Bugatti is ready to close the W16 chapter of its history; the Mistral roadster it unveiled in August 2022 is the final street-legal car powered by the quad-turbocharged engine. What’s next remains shrouded in secrecy, but the French firm gave Autoblog a few hints of what to expect.

First, let’s dispel a myth: The Chiron’s successor will not be electric. Achim Anscheidt, Bugatti’s design director, confirmed that the model — whose name hasn’t been announced yet — will be powered by a plug-in hybrid powertrain. Rimac has previously described the drivetrain as “heavily electrified,” but precise technical details such as horsepower and layout haven’t been made public. All we know for sure at this stage is that the W16 won’t return and that many key components under the body (including the monocoque and the subframes) will be new.

In terms of design, it sounds like Anscheidt instructed his team to balance evolutionary and revolutionary approaches.

“[The car] will certainly be tailored to one or the other aspect of a hybrid. We see the potential to improve the overall automotive gesture of the car,” he said.

Dialing in new proportions is something his team wasn’t able to do when it designed the Chiron, because parts like the monocoque and the doors were carried over from the Veyron. Beyond the overall shape, Anscheidt noted he’d like to see Bugatti’s design language get leaner and more athletic, but there’s a limit to this stretch. Regardless of what the Chiron’s successor looks like, it needs to stay true to the ambivalent character of “the automotive Beauty and Beast” and be instantly recognizable as a Bugatti

“In comparison to other hyper-sports cars, Bugatti always created its own sovereign segment. It was always slightly different, never trying to be a race car for the road. It is the ultimate GT. That should not change from one day to the other. We don’t want to become somebody else, but we’re opening a new tech chapter which is a challenge as well as an opportunity,” he clarified.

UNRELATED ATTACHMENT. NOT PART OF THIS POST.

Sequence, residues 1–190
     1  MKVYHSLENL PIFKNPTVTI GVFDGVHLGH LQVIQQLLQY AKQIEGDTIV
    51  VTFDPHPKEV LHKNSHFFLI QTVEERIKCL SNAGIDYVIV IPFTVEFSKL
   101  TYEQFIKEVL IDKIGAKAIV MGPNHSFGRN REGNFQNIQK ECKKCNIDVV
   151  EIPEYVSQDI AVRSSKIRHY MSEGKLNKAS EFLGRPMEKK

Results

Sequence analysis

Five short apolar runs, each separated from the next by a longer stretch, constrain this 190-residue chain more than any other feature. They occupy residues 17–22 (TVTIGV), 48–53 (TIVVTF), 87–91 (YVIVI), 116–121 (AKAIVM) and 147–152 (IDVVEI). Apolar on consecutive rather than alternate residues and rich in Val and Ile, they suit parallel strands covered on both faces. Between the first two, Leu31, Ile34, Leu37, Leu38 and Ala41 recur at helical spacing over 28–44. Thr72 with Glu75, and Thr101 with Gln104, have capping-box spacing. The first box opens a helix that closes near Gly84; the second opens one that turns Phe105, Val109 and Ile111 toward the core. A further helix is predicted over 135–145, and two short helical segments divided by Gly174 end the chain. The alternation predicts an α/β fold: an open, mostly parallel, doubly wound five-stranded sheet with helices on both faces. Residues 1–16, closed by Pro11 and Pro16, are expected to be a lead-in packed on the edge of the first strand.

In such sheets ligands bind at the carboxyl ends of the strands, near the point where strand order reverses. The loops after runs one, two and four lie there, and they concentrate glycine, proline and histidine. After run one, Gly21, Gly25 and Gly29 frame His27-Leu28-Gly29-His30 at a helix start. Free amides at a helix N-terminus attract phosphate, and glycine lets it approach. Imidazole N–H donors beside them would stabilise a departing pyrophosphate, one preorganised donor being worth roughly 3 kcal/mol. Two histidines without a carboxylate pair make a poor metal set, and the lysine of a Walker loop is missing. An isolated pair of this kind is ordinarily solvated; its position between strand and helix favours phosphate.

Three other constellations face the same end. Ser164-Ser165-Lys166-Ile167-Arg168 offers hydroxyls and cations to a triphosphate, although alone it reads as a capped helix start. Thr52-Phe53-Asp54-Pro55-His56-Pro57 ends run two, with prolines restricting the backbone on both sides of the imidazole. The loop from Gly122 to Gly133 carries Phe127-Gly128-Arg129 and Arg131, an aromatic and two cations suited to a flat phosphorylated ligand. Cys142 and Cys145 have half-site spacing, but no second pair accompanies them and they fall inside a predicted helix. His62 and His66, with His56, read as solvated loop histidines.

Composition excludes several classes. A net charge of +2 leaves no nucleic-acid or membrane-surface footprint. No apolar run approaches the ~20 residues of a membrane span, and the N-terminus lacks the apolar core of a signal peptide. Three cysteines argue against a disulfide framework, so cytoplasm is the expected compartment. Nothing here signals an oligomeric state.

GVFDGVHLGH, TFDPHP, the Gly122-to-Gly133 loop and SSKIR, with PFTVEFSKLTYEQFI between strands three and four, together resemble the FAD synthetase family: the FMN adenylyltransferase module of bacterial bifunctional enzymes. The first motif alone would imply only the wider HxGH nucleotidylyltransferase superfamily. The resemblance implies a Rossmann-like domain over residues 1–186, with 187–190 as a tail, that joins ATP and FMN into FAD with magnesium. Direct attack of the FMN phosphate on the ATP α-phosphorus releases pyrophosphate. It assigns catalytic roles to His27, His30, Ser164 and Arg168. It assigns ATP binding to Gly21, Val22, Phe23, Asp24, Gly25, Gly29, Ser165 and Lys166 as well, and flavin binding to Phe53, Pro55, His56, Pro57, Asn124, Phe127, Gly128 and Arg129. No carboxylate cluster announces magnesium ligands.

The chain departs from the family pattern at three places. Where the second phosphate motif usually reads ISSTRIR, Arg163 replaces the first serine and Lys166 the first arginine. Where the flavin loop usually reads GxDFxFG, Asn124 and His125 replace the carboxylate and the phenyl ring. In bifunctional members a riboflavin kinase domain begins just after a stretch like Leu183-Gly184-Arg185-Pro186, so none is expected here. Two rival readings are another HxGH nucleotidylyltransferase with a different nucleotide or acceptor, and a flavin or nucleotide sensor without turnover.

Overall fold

The cabin will evolve as well, but it won’t necessarily follow the industry’s ongoing shift toward wall-to-wall screens.

“When you look at today’s cars, it becomes very apparent that there are screens everywhere. Where is this leading us? Yes, I think that customers deserve to have full entertainment in their daily driver. This is the [interior design trend] of the automotive industry, and we don’t want to question that. However, I wonder: who still has an iPhone 3? Nobody, and you probably don’t want to have one anymore. It likely doesn’t work. What happens to those cars when they are 20 or 30 years old? Do those screens still work? Did one do all of the updates?”

Anscheidt and his team actively debate what this means for Bugatti and its customers as they shape the Chiron’s successor. Not all companies worry about whether the technology they put in their cars will work in two or more decades, but Bugatti is in a unique position: its cars are instant collectibles. They’re rolling works of art created to be enjoyed and admired by enthusiasts who aren’t born yet.

“Bugatti models need to sit on the lawn at Pebble Beach in 50 years and work. Just like we see pre-war luxury automobiles that still work. What a disaster it would be if a Bugatti would sit there and there are only black screens [inside].” We’ll need to be patient to find out the solution that Anscheidt comes up with. “We’re carefully thinking about this. I’m not saying that we have the ultimate answer, but I’m saying there is something that makes precious cars and precious brands worth thinking about for the sake of future generations,” he summed up.